Nearly 240,000 houses have also been damaged and over 111,000 destroyed.
Families moved at the weekend came from the district of Buzi, the epicenter of devastation in Mozambique. There Cyclone Idai brought complete destruction. As a first step, they were moved to a transit centre in Guara Guara, some 55 kilometres from their areas of origin in Buzi.
Guara Guara is on higher land and is more suitable for families to restart a life closer to home until they are able to recover old houses that have been completely destroyed. On arrival, the families were assigned emergency tents provided by UNHCR and by INGC (the Government of Mozambique’s agency for managing natural disasters).
The settlement is equipped with potable water and latrines, and the national government – with the support of the UN World Food Programme – is providing food. MSF is operating a health centre on the ground.
The families will stay in Guara Guara for up to three days and will receive a plot of land (20 x 30 meters, totaling 600 square meters), a kit of materials to clean the land and build their new houses, and seeds to start farming.
UNHCR is positioning its available stocks of relief items – including mosquito nets, solar lamps, sleeping mats, blankets, kitchen sets, jerry cans and buckets – to be distributed to those families. Priority is given to the elderly, disabled persons, single women and unaccompanied children.
We are working with other humanitarian partners to ensure adherence to internationally accepted relocation standards, including the voluntary nature of the moves.
With an estimated 1.8 million people in need of humanitarian assistance in Mozambique, aid organizations are facing immense challenges due to extensive damages to infrastructure and low funding. So far humanitarian agencies have been able to reach only 30 per cent of the target population.
For more information on this topic, please contact:
In Maputo, Luiz Fernando Godinho, [email protected], +258874230001
In Pretoria, Markku Aikomus, [email protected], +2781 797 7456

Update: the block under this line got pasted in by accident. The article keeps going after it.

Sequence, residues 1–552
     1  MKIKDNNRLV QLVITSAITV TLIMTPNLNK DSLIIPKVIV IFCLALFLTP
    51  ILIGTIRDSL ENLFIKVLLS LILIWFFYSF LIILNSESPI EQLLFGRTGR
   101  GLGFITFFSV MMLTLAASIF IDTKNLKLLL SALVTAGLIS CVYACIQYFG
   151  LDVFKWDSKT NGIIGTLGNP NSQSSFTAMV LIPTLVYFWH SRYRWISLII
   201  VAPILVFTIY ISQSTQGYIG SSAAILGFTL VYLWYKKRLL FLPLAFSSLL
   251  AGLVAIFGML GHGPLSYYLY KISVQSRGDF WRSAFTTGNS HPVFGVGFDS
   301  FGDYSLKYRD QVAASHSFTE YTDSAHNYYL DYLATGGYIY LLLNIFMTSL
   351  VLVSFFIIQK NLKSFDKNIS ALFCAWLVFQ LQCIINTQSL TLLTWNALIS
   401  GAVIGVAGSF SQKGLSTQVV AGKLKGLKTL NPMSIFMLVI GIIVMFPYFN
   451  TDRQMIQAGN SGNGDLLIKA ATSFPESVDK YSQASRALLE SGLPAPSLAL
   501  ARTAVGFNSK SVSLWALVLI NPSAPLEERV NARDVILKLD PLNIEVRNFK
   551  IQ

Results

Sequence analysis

In Geneva, Babar Baloch, [email protected], +41 79 513 9549
From the current news summaries today it seems almost no one within Mozambique is currently aware that another cyclone and major flood are just about to hit the northern coastal area and hinterland. It seems as though there are not even warnings being given to the local population. The problem here is the 'cyclone' is going to form in close and deepen rapidly and impact the coast within two days. How can you warn people about a powerful cyclone that doesn't exist yet? They're not going to take the developing situation seriously until too late to do much.
Latest visible satellite image - 993 hPa and 40 kts.
Tropical Cyclone Kenneth has formed.
@ 65kts and 976 hPa
12 hour forecast location positions
The remnant stays overland in north-eastern Mozambique for about 4 days.
The forecast has not improved, cyclone Kenneth is going to spend around 4 days over a fairly small part of NE Mozambique (where about 2.5 million people will be directly affected by major flooding).
12 hr location positions
Latest satellite images indicate a Dvorak analysis of 70 kts and 985 hPa.
The latest vapor imagery is confirming that this will be a very wet storm.
Should be able to get a better view of this storm in about 6 hours just before the sun goes down. The forecast indicates it will grow rapidly to Cat-4 from now, before weakening to about Cat-3 prior to landfall. It's a bit asymmetric with most of the rain on its northern side. At present the ECMWF model appears to be over-estimating its wind category.
There's only about 24 to 30 hrs until cyclonic wind and rain conditions arrive at the coast
Cyclone-ravaged Mozambique threatened by new tropical storm
24 April 2019 - 08:15
A tropical system off Mozambique threatens to unleash a cyclone on the northern Cabo Delgado province just weeks after the country's central parts were ravaged by a powerful storm, meteorologists warned Tuesday.
The poor southern African country is still reeling from the impact of deadly cyclone Idai -- the most powerful storm to hit the region in recent decades -- which left about 1,000 dead in Mozambique and Zimbabwe.